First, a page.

Upgrades to Watershops Dam have included the installation of new sluice gates, a tilt gate, hydraulics, control box upgrades and improved modern access to the dam system. ordered. Construction was completed by Gardener Construction, Inc. and environmental monitoring was performed by GZA. The total cost of the project was approximately $3.2 million, primarily funded by the U.S. Department of Housing and Urban Development’s National Disaster Resilience Grant, with $1 million in bond funding from the City of Springfield .
The City of Springfield intends to complete the restocking of the pond in partnership with the Massachusetts Division of Fish and Wildlife once construction and pond infilling is complete.
The Mayor of Sarno says, “I want to thank my dedicated city team, especially our Springfield Parks Commission, Executive Director of Parks, Buildings and Recreation Management Patrick Sullivan, Director of Development Tim Sheehan, Director of Capital Construction Peter Garvey and Director of Disaster Recovery and Compliance Tina Quagliato-Sullivan. Special thanks to Congressman Richard Neal for his continued federal leadership in helping to identify federal funding for this vital infrastructure project. With construction now complete, we can begin the process of returning this beautiful lake to its original, serene atmosphere providing a beautiful ascetic quality for our residents, Springfield College and adjoining businesses.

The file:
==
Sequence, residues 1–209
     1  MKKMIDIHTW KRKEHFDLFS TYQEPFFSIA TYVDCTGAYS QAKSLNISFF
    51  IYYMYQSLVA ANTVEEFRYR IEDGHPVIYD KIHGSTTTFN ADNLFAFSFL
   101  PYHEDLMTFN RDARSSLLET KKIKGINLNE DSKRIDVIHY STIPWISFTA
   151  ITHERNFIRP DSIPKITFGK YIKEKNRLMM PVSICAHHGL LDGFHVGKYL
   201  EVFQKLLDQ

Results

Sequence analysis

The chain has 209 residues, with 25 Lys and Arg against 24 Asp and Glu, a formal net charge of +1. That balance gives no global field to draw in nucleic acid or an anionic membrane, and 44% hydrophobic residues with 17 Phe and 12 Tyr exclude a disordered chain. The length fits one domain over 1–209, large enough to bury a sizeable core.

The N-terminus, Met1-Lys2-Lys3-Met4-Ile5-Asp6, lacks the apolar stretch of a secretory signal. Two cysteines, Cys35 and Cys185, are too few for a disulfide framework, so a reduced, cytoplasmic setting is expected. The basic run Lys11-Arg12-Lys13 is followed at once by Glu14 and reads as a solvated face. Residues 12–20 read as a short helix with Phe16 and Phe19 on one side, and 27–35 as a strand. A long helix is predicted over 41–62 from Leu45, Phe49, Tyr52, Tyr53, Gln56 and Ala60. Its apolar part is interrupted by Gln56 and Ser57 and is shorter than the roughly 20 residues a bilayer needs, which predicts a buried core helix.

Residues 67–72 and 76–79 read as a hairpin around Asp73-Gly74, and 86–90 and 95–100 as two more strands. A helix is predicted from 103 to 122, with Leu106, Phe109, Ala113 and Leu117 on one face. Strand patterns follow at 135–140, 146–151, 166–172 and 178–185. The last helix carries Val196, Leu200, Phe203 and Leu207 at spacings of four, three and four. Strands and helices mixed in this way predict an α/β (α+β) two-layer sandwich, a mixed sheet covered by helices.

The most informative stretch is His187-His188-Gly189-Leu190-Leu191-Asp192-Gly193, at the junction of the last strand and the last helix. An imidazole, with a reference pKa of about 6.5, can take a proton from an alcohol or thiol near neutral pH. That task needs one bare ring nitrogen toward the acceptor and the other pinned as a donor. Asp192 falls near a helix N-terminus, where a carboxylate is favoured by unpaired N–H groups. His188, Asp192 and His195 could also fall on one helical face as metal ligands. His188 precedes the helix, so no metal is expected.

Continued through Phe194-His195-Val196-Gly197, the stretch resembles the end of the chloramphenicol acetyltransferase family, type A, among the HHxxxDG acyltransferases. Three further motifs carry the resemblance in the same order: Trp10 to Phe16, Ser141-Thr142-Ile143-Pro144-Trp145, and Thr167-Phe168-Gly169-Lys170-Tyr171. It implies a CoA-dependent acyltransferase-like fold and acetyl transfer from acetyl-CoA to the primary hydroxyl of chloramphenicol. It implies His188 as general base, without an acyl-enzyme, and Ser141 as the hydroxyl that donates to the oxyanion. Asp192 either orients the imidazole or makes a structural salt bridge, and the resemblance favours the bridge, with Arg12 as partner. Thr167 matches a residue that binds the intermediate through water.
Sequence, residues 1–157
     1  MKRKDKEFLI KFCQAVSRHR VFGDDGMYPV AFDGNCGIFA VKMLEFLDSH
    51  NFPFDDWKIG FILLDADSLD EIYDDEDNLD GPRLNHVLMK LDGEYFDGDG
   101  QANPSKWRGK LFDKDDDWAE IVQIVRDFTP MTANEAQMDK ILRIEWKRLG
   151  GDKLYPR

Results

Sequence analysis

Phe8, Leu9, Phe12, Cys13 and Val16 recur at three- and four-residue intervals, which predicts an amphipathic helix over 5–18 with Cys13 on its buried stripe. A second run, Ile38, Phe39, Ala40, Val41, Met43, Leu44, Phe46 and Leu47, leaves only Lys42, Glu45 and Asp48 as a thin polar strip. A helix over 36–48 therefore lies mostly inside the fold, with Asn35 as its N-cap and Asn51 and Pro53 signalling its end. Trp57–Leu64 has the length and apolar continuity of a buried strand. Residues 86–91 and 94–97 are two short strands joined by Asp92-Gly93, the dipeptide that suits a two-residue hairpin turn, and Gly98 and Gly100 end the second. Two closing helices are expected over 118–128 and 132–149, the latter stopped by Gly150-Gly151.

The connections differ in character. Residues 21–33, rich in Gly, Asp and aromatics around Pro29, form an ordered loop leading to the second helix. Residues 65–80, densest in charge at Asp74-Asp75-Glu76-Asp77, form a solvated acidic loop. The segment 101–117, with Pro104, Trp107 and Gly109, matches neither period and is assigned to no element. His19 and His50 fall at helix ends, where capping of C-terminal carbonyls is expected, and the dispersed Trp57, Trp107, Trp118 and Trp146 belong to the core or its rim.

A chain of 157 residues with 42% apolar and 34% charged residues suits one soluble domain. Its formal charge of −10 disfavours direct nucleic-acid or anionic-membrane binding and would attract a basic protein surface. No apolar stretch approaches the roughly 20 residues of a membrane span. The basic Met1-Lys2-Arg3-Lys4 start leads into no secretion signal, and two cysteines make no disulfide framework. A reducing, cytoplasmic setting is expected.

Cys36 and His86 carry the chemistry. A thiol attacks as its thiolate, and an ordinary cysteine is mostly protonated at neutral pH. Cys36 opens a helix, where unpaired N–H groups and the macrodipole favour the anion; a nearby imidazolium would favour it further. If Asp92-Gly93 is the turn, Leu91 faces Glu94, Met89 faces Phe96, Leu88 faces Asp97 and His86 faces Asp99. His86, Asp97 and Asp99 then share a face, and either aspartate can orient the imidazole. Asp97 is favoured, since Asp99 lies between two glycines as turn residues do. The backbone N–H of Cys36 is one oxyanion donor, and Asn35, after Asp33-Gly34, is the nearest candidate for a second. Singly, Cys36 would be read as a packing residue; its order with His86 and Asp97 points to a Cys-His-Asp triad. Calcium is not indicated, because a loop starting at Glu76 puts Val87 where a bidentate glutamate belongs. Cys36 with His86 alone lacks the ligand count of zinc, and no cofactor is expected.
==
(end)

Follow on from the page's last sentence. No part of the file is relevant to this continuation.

“Springfield has long been at the forefront of climate change and disaster preparedness. Since enduring two federally declared disasters in 2011, my administration has adopted a climate and resilience action plan and launched several programs related to community resilience,” Mayor Sarno added. “This project meets two objectives set by my administration. First, it removes the Watershops dam from the state’s High Hazard category, which also threatened our South End and Maple High Six Corners neighborhoods if the dam failed, much like what we did with the repairs to the Lower Van Horn Park dam last year that threatened Baystate Hospital and our Hungry Hill and North End neighborhoods. Additionally, this project implemented green energy efficiency measures by installing solar panels at Brookings School. In the future, this school can be used as an emergency shelter thanks to the electricity generated by the solar panels. The successful implementation of these repairs brings Springfield one step closer to creating a more resilient community ready to face the challenges of climate change.
The City of Springfield will maintain a project website and post updates until the construction and filling of the pond is complete. The public can access this website at: www.springfield-ma.gov/dr/disaster-recovery/watershops-pond-/-lake-massasoit-dam-upgrades.
Updates will also be posted on social media at: www.facebook.com/SpringfieldDevelopmentServicesDivision/
Questions or comments should be directed to Tina Quagliato-Sullivan at: [email protected]cityhall.com or (413) 750-2114.